Survey: Local youth suicide attempts up

Published 12:00 am Saturday, September 25, 1999

A survey of ninth-graders revealed last year’s local freshman classes ranked fifth in the state for having attempted suicide.

Saturday, September 25, 1999

A survey of ninth-graders revealed last year’s local freshman classes ranked fifth in the state for having attempted suicide.

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The 1999 Minnesota Children’s Report Card states 16.5 percent of the county’s ninth-grader’s answered &uot;yes&uot; to the question, &uot;Have you ever tried to kill yourself?&uot;

The report card was released by Minnesota Planning, a state agency providing information about issues to policy-makers and the public.

Last year’s ninth-graders ranked high, but fell below top-ranked Nicollet County, with nearly a quarter of the south central Minnesota county’s students surveyed saying they have attempted suicide.

Local counselors and a county psychologist said the students aren’t revealing their attempts to them.

&uot;That seems high to me,&uot; said Wendy Walker, licensed psychologist and supervisor of Freeborn County’s Children’s Mental Health program.

&uot;We see a bit of it, but not that much,&uot; she said.

Still, she said some students might be more willing to admit to attempting suicide in an anonymous survey, rather than a counselor’s office.

&uot;It wouldn’t surprise me,&uot; she said.

Albert Lea High School Counselor Stephanie Shea said students are also more likely to confide in another student.

&uot;Kids can be secretive,&uot; she said, noting that many take a &uot;vow of silence&uot; when talking about issues like suicide.

&uot;It’s not frequent at all that I hear about it,&uot; she added.

Shea said classmates need to break that vow when it comes to such topics. She said they need to turn to counselors or other adults to get their friends the help they need.

&uot;I don’t think kids know who to go to,&uot; she said.

The school district offers a variety of resources for students suffering depression of feeling the need to harm themselves.

Likewise, Walker said the county offers ways to help.

The Mental Health Center can be reached at 377-5440 and provides services to all county residents.

Walker and Shea encouraged parents to also get involved if they think their children might be suicidal.

&uot;It’s certainly worth a call if people are worried about their children,&uot; Walker said.

Shea said her office is also available to concerned parents.

That contact is crucial for finding help, they say.

Jim Munyer, Southwest Junior High School counselor, agrees.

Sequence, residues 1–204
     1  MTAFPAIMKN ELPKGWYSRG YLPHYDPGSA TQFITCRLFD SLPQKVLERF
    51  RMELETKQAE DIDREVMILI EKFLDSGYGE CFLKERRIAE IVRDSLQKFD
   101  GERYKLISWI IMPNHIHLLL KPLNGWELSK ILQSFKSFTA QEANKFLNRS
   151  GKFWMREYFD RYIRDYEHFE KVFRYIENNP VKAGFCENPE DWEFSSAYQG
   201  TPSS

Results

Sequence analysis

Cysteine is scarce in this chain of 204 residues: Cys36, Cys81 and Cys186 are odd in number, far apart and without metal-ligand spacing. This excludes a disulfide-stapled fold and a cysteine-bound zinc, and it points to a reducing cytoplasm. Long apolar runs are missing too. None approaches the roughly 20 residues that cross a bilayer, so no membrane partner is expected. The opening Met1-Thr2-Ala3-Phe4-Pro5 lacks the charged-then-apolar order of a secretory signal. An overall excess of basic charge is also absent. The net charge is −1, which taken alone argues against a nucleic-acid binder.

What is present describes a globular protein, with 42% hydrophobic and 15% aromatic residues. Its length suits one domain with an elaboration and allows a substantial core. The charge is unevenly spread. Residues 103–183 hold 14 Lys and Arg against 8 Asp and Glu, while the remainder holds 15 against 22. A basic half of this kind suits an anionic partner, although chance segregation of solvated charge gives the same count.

Although he can’t recall a suicidal student in the recent past, he said that doesn’t mean they don’t exist.

&uot;I think it’s a high statistic,&uot; he said.

He said the nature of the survey could skew results, with children either being more honest or not taking it seriously.

&uot;It could run either way,&uot; he said.

All three counselors, however, said they take such numbers as a need to stay aware of any red flags.

Walker said one of the biggest signs of being suicidal for teens is the act of giving away their possessions.

&uot;Kids tend to do that more than adults,&uot; she said.

Other signs include long term depression, changes in eating and sleeping habits, violent actions and neglect of personal appearance.

Still, counselors say it’s hard to explain why local numbers of attempts are so high.

Walker said the local economy could have a large impact on the numbers.

&uot;That’s such a big deal for kids,&uot; she said, noting that the inability to buy certain clothes or other items will cause feelings of sadness.

As many families struggle with changes in welfare policies and low-wage jobs, Walker said children might feel added pressure.

Munyer said the county’s high teen pregnancy rate and teen’s high use of alcohol and drugs could also contribute to problems.

Shea agreed, noting that a mix of all those circumstances can lead to troubled feelings.

&uot;It seems there are a lot of kids living in conditions where I can see why they feel helpless,&uot; she said.

While the recent numbers of ninth-graders reporting suicide attempts rose in the 1999 report, from 12.5 percent in 1996, the numbers are going down for local senior classes.

Last year, 11 percent of Freeborn County seniors said they attempted suicide. Although it’s still above the statewide average of 9.9 percent, it was a drop from 14.5 percent three years ago.

In 1994, the children’s report card stated 15.6 percent of seniors had attempted suicide and 17.1 percent of ninth-graders had.